Article

Variations in pupil size related to memory for recently presented words and event related potentials

Details

Citation

Kuipers JR & Phillips WA (2022) Variations in pupil size related to memory for recently presented words and event related potentials. Journal of Cognitive Neuroscience, 34 (7), pp. 1119-1127. https://doi.org/10.1162/jocn_a_01638

Abstract
Pupillometry has been found to be correlated with activity of Cholinergic (ACh) and Noradrenergic (NE) neuromodulator systems. These systems regulate the level of cortical arousal and therefore perception, attention, and memory. Here we tested how different types of pupil size variance (prestimulus baseline and prestimulus hippus power) may correlate with behavioural and electrophysiological brain responses (ERPs). We recorded pupil size and ERPs whilst participants were presented with a series of words and then asked whether they had been in the initial list when they were later presented intermixed with unpresented words. We found that a smaller prestimulus baseline pupil size during the study phase was associated with better memory performance. Study items also evoked a larger P3 response at presentation and a greater old/new memory ERP effect at test when prestimulus pupil size was small rather than large. Prestimulus hippus power was found to be a between-subjects factor affecting the robustness of memory encoding with less power being associated with a greater old/new memory ERP effect. These results provide evidence relating memory and ERPs to variables defined on pupil size that are thought to reflect varying states of parasympathetic and sympathetic arousal.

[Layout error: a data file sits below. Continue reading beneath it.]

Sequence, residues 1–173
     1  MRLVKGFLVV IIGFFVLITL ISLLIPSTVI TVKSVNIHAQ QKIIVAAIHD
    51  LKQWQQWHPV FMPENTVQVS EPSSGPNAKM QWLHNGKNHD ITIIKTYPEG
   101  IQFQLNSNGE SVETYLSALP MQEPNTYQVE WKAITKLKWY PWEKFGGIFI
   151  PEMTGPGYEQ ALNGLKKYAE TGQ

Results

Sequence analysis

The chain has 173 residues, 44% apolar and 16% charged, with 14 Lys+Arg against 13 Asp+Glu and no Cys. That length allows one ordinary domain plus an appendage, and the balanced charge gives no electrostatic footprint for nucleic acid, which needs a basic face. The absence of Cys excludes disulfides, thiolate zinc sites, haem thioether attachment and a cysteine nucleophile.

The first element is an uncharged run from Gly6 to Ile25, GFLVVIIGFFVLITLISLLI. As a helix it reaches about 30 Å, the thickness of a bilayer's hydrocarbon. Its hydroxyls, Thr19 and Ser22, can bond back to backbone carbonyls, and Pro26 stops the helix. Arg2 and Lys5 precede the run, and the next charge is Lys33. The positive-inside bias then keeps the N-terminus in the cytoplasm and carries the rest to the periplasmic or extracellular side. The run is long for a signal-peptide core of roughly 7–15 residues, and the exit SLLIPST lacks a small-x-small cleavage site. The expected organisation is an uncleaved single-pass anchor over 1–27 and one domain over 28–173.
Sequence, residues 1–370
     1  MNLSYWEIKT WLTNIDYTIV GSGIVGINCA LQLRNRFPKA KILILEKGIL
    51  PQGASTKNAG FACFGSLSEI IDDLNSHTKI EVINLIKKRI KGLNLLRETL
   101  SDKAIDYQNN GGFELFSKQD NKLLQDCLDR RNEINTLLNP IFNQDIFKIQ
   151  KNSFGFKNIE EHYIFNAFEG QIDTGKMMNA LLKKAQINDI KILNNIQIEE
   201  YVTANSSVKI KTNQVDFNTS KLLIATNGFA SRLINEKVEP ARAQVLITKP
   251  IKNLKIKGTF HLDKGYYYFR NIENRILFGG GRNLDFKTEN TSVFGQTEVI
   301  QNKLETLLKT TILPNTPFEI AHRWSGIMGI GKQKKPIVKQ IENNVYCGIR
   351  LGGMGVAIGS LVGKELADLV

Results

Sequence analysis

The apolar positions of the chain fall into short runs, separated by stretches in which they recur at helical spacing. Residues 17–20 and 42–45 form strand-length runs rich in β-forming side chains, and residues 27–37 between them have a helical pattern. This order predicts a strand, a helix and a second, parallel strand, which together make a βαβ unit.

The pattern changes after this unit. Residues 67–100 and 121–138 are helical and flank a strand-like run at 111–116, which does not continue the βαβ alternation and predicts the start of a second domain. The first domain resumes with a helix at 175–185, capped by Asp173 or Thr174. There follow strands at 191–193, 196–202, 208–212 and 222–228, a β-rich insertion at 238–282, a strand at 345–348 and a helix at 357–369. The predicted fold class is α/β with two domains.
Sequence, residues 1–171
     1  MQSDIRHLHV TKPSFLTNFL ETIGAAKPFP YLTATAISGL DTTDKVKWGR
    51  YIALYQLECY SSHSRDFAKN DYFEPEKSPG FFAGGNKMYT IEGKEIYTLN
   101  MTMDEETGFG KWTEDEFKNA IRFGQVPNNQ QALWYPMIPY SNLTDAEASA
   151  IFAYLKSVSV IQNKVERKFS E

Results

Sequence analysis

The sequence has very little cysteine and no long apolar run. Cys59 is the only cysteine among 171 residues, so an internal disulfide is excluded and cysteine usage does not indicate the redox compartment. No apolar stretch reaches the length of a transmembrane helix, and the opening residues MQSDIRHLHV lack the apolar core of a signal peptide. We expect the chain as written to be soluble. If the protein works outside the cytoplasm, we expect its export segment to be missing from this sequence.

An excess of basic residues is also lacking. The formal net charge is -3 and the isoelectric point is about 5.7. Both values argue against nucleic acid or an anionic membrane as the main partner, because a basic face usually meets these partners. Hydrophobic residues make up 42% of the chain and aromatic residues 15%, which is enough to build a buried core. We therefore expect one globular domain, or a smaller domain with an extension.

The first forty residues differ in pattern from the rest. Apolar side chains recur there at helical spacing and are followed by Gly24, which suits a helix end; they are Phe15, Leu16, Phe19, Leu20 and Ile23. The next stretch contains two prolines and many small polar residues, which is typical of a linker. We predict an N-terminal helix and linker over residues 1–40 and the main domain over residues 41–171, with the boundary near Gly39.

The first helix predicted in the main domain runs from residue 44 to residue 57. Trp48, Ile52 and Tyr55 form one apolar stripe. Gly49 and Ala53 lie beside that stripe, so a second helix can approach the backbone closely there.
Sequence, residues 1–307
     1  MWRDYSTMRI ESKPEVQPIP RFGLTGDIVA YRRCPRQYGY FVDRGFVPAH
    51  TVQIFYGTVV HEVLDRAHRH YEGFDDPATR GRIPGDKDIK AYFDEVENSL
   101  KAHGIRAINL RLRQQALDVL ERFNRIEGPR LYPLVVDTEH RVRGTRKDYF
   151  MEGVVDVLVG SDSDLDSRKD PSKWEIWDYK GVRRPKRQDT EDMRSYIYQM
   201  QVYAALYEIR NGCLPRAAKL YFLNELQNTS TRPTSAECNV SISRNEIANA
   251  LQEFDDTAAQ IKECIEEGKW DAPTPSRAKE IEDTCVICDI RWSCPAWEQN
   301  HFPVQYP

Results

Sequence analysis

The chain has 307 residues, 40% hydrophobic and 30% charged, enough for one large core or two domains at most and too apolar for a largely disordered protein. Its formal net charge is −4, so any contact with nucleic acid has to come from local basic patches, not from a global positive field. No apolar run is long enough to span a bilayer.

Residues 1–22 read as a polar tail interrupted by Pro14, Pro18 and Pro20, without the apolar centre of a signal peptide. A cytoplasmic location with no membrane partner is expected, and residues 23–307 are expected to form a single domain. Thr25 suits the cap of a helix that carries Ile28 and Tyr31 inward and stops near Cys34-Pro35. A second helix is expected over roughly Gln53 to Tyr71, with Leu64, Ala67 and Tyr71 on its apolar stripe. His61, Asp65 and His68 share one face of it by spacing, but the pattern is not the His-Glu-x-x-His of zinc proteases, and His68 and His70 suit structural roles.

Journal
Journal of Cognitive Neuroscience: Volume 34, Issue 7

StatusPublished
Publication date31/07/2022
Publication date online31/10/2020
Date accepted by journal04/09/2020
URLhttp://hdl.handle.net/1893/31650
ISSN0898-929X
eISSN1530-8898

People (2)

People

Dr Jan Rouke Kuipers
Dr Jan Rouke Kuipers

Lecturer in Psychology, Psychology

Professor Bill Phillips
Professor Bill Phillips

Emeritus Professor, Psychology